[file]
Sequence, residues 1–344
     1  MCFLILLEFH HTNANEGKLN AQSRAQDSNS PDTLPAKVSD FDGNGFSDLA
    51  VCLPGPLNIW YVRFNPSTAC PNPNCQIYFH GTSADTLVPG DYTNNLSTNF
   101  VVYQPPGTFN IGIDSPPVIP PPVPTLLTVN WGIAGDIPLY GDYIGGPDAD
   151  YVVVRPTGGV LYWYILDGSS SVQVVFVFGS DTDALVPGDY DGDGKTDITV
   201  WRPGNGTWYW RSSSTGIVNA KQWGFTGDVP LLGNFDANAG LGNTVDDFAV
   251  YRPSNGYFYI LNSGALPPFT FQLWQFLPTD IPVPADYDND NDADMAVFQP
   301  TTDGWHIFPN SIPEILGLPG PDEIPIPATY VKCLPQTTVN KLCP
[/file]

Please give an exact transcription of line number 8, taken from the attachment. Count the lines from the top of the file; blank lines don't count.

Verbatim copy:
   301  TTDGWHIFPN SIPEILGLPG PDEIPIPATY VKCLPQTTVN KLCP